Sports in which you can lose despite scoring more points

I challenge you to name a sport that meets each of the following conditions.

  1. It has a scoring system involving points.
  2. Points are good: they help you win. So strokes in golf are not points in this sense. You win golf with fewer of them, rather than with more of them.
  3. It is possible to lose while scoring more points than the other player (or other team).

I used an example of such a sport in a writing project. I’ll identify the sport, and say a little more about the project, in a paragraph or two. So, if you want to accept the challenge, stop reading now. If you’ve arrived via the Facebook discussion I started with a rather looser version of the challenge, welcome!

In this post, I will:

  • Identify the sport I had in mind.
  • Identify a few rather similar sports that also meet conditions 1-3 above.
  • Explain how one of these similar sports meets the conditions.
  • Identify a few sports that meet the conditions, but which I regard as edge cases rather than as good answers.
  • Tell you what my favorite answer is, explain why it’s wrong, and explain how it fits in to the writing project.

OK, you had fair warning: you should have stopped reading a while ago if you accepted the challenge. The sport I had in mind is: tennis. Several other racquet sports meet the conditions in much the same way. I’ll explain in terms of badminton, since it has a simpler scoring system than tennis. I could also have used squash or table tennis or…

Two people, Ackroyd and Belushi, agreed to play badminton. Per the scoring rules of badminton, their match consisted of the best of three games, each game being to 21 points (with some exceptions, none of which arose for A and B).

B won the first game easily, 21-8. But A was better built for the long haul, and won the second game 21-19. He won the third and deciding game by the same score.

So A won the three-game match: he won two of the three games. But B scored more points: 59 to 50.

Here are some edge cases. One is freestyle wrestling (currently an Olympic sport, as are all the sports mentioned in this post). Craig Massey pointed out (on Facebook) that it meets the conditions. My explanation differs a little from his…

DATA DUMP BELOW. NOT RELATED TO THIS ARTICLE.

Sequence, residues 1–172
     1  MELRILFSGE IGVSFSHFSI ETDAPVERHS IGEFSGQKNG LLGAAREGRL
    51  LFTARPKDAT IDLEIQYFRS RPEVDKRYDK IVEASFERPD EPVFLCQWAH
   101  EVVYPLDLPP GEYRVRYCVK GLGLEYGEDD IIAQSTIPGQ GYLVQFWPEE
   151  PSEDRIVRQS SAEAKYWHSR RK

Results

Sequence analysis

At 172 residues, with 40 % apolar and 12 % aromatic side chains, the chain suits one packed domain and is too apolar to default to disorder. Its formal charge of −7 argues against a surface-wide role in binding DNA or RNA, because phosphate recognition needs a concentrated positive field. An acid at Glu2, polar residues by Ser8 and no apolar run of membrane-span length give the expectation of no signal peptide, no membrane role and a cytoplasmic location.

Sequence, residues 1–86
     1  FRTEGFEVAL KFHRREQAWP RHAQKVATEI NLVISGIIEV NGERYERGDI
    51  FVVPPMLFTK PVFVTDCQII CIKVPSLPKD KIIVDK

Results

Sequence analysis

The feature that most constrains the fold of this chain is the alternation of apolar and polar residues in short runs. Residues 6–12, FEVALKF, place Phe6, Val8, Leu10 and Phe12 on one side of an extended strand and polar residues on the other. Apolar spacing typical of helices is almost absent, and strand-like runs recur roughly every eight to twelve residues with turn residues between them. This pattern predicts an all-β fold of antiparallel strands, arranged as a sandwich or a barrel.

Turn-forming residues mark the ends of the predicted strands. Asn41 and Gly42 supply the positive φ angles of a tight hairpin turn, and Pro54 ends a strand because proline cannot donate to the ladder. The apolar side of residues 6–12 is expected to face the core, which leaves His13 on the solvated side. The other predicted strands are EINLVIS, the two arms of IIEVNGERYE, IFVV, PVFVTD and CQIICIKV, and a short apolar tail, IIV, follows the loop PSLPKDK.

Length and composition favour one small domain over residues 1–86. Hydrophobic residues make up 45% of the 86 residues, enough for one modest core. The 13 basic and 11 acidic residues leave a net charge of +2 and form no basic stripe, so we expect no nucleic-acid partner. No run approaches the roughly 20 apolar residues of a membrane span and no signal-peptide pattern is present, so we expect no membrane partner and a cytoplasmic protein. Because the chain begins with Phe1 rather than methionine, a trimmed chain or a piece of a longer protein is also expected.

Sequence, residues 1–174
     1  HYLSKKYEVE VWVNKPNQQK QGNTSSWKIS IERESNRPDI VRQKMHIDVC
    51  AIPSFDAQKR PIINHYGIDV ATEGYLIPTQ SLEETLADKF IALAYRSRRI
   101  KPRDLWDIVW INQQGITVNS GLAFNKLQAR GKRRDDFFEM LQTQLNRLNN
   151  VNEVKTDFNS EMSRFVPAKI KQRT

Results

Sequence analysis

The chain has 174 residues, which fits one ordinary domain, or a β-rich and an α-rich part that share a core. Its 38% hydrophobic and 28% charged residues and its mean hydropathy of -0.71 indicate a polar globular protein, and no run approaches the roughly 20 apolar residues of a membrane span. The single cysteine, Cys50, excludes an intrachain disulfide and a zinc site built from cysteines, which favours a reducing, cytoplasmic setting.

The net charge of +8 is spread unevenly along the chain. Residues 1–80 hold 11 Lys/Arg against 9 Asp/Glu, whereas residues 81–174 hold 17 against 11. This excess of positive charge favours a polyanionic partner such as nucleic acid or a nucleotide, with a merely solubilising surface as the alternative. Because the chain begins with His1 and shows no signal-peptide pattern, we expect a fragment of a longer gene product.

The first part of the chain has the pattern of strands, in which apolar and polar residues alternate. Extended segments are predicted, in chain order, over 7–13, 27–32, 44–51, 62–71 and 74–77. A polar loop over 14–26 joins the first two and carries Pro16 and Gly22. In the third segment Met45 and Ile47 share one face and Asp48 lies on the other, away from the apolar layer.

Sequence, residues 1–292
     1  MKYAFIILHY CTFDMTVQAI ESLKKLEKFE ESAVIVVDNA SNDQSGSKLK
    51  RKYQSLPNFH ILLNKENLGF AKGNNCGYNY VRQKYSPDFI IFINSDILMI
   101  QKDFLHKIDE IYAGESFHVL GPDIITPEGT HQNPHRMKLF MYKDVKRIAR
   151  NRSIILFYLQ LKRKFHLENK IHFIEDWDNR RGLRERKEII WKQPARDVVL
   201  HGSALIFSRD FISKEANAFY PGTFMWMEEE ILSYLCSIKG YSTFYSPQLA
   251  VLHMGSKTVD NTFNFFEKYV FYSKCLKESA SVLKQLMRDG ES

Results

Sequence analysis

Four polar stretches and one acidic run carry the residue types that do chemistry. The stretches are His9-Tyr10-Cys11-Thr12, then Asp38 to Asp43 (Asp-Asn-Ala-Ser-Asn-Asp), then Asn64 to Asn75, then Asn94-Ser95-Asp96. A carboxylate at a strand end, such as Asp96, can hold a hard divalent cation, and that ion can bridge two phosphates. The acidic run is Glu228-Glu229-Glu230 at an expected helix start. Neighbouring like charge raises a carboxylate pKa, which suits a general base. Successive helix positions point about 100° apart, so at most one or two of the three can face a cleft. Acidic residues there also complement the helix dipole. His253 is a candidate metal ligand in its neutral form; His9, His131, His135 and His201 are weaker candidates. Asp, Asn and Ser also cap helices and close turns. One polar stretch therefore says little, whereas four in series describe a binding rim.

Belushi, smarting from his defeat on the badminton court, challenged Ackroyd to a freestyle wresting match. A accepted. B was quickly ahead, taking A down with a throw of grand amplitude, thus scoring 5 points. B then hit A with a steel chair. B was immediately disqualified–much to his surprise, since he’d seen several wrestling matches involving unpunished chair shots. Thus A was declared the winner, even though B scored more points. Several other combat sports, including boxing, are similar edge cases.

Limited overs cricket meets the conditions, due to the Duckworth-Lewis method But I’m not going to explain it here. This is a post, not a book, and it’s already rather long.

My favorite answer to the challenge is: the Electoral College process by which the President of the USA is elected. It’s not a correct answer, since it doesn’t meet “condition zero”: it’s not a sport. Well, I don’t think it is, but feel free to argue otherwise.

But my favorite answer does meet conditions 1-3, as the 2016 election illustrates. Hilary Clinton scored more points (won the popular vote) but lost the match (the Presidential election).

That brings us to the writing project referred to above. The premise is that American politics is actually a show, spread across multiple media: TV, Twitter, etc. It has distinct episodes. Here’s a quote from the current draft.